Canonical, a leading software company, announced today that images and open source code for the smartphone version of Ubuntu will be released on February 21. The software will work on the Galaxy Nexus and Nexus 4 smartphones, and is designed for enthusiasts and apps developers. Canonical wants developers to be able to familiarize themselves with the operating system and start developing apps. As more consumers shift away from Apple products toward competitive alternatives, there is an increasing craze over new product enhancements.
More innovation for the Nexus 4 and related products will be showcased at the Mobile World Congress in Barcelona later this month where all of the leading mobile device manufacturers and supply chain companies will be present. It’s essentially the Consumer Electronics Show (CES) for mobile devices. Canonical first unveiled Ubuntu for smartphones in early January. The company is targeting two key audiences with the release including the enterprise market and basic, entry-level smartphones.
Google’s Nexus 4 Wireless Charger, also known as the “orb,” is gaining a lot of attention these days as well. The Nexus 4 Wireless Charger is produced by LG, just like the Nexus 4 itself, since Google does not possess the capability for manufacturing electronics in-house of this realm. It has regular micro-USB-to-USB cable plugs into the charger’s back and can then be connected to a wall outlet for power. Of course, the phone needs to be within a certain distance to benefit from the wireless battery recharging. The Nexus 4 sits on a magnetic plate and is inductive charged in about the same time as plugging the phone directly into the wall with a cord. It costs $60 which is approximately the same cost for a bluetooth device.
Google has followed a less-risky and more business-savvy approach to becoming a leading electronics company. They started with highly value-added software, which is easier to stomach for the average venture capitalist or startup investor and amassed a fortune with a low-overhead business model, developing a product that is now a trade name- just google it. Then, they took it to the next level by creating their own business for their software by producing mobile devices, which would run with internal products. Plus, they avoided the high capital cost of building manufacturing plants for producing electronic devices by outsourcing to LG, similar to how Qualcomm outsources the production of their leading microchips for smartphones. A fab-less, production-less model is becoming the norm these days, as these companies have been the most profitable by not being vertically-oriented. Just ask the likes of Intel and Texas Instruments, whom have to carry the load and absorb the blows.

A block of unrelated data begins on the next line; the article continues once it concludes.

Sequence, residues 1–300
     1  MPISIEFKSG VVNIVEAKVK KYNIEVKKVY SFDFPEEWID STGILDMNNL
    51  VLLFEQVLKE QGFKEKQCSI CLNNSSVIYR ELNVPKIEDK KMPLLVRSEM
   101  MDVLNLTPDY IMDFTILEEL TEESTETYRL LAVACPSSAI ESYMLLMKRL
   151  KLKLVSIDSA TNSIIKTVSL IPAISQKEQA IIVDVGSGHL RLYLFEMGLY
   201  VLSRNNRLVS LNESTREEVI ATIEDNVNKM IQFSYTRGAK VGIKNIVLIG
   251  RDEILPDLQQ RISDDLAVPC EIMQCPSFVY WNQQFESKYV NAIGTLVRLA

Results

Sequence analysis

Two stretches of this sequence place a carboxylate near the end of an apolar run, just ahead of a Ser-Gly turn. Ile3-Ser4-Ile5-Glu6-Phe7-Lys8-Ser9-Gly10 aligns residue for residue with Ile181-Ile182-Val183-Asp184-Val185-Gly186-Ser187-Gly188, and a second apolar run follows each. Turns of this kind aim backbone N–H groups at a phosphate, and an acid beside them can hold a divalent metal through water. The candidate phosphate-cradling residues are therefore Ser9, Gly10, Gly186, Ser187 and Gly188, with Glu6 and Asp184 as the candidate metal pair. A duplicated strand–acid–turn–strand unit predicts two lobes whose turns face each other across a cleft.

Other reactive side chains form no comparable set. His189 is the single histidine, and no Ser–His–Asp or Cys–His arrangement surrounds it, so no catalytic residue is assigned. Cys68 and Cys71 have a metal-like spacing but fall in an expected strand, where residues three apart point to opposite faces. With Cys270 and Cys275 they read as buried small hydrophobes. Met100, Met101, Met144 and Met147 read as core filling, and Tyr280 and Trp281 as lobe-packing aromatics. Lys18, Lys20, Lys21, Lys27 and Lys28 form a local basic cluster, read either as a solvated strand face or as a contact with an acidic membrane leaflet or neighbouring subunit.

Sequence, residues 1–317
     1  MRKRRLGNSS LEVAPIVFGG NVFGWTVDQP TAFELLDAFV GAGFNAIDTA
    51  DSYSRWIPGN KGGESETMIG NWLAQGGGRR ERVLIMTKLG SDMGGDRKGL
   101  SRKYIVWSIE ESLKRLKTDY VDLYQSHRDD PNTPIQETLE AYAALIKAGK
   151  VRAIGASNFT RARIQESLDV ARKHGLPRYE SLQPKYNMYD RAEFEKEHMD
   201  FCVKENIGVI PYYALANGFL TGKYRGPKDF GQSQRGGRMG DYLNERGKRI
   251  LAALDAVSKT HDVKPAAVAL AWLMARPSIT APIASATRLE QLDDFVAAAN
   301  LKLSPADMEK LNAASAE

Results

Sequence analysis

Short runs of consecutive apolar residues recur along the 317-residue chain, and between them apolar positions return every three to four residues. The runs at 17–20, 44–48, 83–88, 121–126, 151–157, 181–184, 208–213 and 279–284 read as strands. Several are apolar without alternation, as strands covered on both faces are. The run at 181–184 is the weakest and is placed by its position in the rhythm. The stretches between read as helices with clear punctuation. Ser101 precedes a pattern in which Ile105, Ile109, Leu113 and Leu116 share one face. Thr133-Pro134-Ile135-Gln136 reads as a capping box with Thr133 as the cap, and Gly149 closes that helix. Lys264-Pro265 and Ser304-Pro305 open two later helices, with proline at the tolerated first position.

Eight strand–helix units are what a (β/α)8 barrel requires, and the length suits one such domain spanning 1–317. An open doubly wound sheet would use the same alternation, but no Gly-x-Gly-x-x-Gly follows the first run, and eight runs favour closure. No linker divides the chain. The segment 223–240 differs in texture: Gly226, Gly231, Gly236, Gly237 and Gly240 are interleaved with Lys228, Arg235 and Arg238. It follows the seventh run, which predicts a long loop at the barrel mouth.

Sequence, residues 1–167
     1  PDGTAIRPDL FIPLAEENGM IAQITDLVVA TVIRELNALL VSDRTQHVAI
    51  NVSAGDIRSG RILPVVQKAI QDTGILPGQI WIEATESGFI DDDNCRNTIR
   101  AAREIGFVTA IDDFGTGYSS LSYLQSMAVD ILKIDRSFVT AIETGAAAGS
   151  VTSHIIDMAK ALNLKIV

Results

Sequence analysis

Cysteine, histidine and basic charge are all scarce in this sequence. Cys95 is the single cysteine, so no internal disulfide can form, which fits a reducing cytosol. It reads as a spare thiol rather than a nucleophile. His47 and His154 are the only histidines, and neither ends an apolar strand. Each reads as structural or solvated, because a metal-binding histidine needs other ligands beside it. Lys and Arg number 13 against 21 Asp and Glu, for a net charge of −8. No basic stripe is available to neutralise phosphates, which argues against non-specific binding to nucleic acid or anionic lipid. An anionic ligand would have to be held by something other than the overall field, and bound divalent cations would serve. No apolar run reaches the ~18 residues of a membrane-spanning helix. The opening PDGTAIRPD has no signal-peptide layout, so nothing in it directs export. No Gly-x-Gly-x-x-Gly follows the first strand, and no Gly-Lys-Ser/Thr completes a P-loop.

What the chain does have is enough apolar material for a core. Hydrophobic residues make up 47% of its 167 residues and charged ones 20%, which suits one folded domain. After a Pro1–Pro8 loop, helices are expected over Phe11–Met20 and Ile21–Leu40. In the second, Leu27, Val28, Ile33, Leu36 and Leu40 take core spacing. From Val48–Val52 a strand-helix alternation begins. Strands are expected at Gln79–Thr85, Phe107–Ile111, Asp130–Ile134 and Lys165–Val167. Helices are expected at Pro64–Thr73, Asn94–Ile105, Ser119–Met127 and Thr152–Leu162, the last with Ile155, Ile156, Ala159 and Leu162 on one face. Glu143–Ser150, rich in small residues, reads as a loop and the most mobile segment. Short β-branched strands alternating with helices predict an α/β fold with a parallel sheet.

The challenge moving forward will be develop solar-powered cell phone chargers. A few exist on the market from companies such as Apple and Samsung, but the price tag is above the threshold for widespread market adoption. One has to consider the increased energy consumption required to fuel all of these new smartphones, e-readers and tablets on the market and the resultant increased carbon emissions. Green energy and climate change issues are more than just the choice between going solar versus building a coal-fired power plant.
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